It is not unhealthy to eat low carbs. It is however unhealthy to eat high carbs and high fat together, which is likely what has caused most overweight people to be overweight. Teaching the body how to use fat for fuel is a very efficient way to lose body fat, maintain muscle mass, and actually achieve your weight loss goals once and for all. High Fat Low Carb all the way every day! That's what keeps the doctor away!People need to pick their diet and stick with it. Or cycle it properly. Don't eat fat with carbs, and when you eat carbs be sure to use them up before they're stored as fat. If you're not going to be working out, skip the carbs, but not the fat. If you just worked out, skip the fat and go for some protein/carbs - especially some fruit!!!
    Source: Lost 25 pounds eating HFLC.

    Eating food in excess caused me to be overweight.

    I find fruit more satiating when I pair it with fat - apples and cheese or peanut butter is a great example. I have no problem digesting fruit with other foods, and wish I had never read food alchemy 'Fit For Life' in the 90s as it caused me to be fearful of eating fruit and I turned to higher calorie sweet foods.
    edited April 2016
  • lemurcat12lemurcat12 Member Posts: 30,886 Member Member Posts: 30,886 Member
    Yeah, I probably have fruit most often for breakfast, with my vegetable omelet. So fruit and fat.

    I also like apples with pork chops.

    I have a banana before or after a workout sometimes too, but see no particular difference between having fruit with fat or without.

    I'm grateful I never got the anti-fruit message.
  • yarwellyarwell Member Posts: 10,567 Member Member Posts: 10,567 Member
    psuLemon wrote: »

    Side observation, the only people I know who are filled up or feel satiated by fat, are those following LCHF. So out of curiosity, what do you find fills you up more: an 8oz piece of chicken or an 8 oz ribeye?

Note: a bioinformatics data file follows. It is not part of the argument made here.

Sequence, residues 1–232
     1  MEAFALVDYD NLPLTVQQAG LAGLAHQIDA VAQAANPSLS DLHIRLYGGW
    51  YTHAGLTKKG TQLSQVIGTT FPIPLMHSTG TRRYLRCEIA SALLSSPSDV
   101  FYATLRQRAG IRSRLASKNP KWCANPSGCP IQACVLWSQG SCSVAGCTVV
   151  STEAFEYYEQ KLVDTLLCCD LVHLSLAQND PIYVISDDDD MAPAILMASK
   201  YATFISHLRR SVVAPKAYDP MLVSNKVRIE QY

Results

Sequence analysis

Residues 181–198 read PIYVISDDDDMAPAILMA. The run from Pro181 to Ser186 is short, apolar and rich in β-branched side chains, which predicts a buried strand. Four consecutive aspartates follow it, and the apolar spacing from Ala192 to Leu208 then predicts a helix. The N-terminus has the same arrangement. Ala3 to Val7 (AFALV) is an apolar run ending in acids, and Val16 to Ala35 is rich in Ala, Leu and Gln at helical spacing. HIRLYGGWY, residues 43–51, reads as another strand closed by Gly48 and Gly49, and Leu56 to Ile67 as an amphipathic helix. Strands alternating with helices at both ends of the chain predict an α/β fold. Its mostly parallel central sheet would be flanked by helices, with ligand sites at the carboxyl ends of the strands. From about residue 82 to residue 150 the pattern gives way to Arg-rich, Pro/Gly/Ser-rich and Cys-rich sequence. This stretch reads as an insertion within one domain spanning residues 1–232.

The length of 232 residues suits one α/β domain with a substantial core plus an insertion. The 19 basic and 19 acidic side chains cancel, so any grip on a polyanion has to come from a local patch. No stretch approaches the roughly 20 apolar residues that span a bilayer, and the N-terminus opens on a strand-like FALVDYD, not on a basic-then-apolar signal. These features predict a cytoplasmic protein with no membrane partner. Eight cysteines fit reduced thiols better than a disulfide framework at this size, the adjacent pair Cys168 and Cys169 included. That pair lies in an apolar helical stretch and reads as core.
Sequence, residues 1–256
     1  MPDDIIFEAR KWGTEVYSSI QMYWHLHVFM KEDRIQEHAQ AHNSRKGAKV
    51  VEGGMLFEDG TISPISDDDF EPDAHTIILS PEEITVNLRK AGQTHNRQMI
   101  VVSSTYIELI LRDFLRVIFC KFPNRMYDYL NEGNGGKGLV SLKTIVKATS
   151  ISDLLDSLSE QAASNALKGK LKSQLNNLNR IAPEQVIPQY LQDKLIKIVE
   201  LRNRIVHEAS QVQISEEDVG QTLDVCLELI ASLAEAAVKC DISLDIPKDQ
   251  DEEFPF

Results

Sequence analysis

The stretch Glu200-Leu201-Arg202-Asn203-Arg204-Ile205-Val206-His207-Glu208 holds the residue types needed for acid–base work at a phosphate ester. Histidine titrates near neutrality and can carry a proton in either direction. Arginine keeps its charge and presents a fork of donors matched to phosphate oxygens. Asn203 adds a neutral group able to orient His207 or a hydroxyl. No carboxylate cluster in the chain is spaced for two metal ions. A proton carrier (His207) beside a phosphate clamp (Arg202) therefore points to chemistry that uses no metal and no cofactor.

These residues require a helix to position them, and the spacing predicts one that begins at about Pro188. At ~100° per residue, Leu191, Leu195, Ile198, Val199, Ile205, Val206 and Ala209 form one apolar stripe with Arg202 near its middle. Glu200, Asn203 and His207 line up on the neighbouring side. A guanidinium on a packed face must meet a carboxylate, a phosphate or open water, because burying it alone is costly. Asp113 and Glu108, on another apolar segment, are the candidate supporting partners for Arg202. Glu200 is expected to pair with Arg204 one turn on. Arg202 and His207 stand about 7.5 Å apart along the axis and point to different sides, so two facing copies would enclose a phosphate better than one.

seems an overly large amount of meat for a meal but I don't really buy chicken so can't comment.

    I think the LCHF people are really saying that their diet is satiating, not a specific food item out of context. So a carbivore may be satisfied by a starch bomb potato but not the equivalent amount of something fatty, especially if they eat like a bison rather than a lion ie large volumes are key for them.

    I don't doubt that tested individually in the context of a mixed diet the fatty foods may not be that satiating, but it's well recorded that LCHF or perhaps just LC voluntarily reduce calorie intake when told to eat ad lib. Studies have shown that for 60 years or more.
    edited April 2016
  • psuLemonpsuLemon Member, MFP Moderator, Greeter, Premium Posts: 36,681 MFP Moderator Member, MFP Moderator, Greeter, Premium Posts: 36,681 MFP Moderator
    yarwell wrote: »
    psuLemon wrote: »

    Side observation, the only people I know who are filled up or feel satiated by fat, are those following LCHF. So out of curiosity, what do you find fills you up more: an 8oz piece of chicken or an 8 oz ribeye?

    seems an overly large amount of meat for a meal but I don't really buy chicken so can't comment.

    I think the LCHF people are really saying that their diet is satiating, not a specific food item out of context. So a carbivore may be satisfied by a starch bomb potato but not the equivalent amount of something fatty, especially if they eat like a bison rather than a lion ie large volumes are key for them.

    I don't doubt that tested individually in the context of a mixed diet the fatty foods may not be that satiating, but it's well recorded that LCHF or perhaps just LC voluntarily reduce calorie intake when told to eat ad lib. Studies have shown that for 60 years or more.

    It would only be a large amount of meat for someone who has a lower TDEE, poor body composition or someone not active. Comparing you and I, there is a 1000 calorie difference, 20 years difference and I suspect there are other big difference between body composition and maybe activity level (BTW, if you go over to the gaining weight section, the average person there is maintaining at 2800-3300 calories, so I would fall in the standard deviation there). But then again, I have always been a huge volume eater. As a teen I was eating large or extra large pizzas, 3 McDonalds BigMacs, etc... And my son seems to be following in my footsteps. As a 5 1/2 month old, he is eating more food than any of my friends 1 years olds... has transitioned to solids much quicker and now has advanced stages within solids (for a benchmark, he will eat a whole avocado at 200g and a banana at 120g).

    And I recognize that low carb can be satiating but that would be based on how it's implemented, not difference than my current diet.
    edited April 2016
  • psuLemonpsuLemon Member, MFP Moderator, Greeter, Premium Posts: 36,681 MFP Moderator Member, MFP Moderator, Greeter, Premium Posts: 36,681 MFP Moderator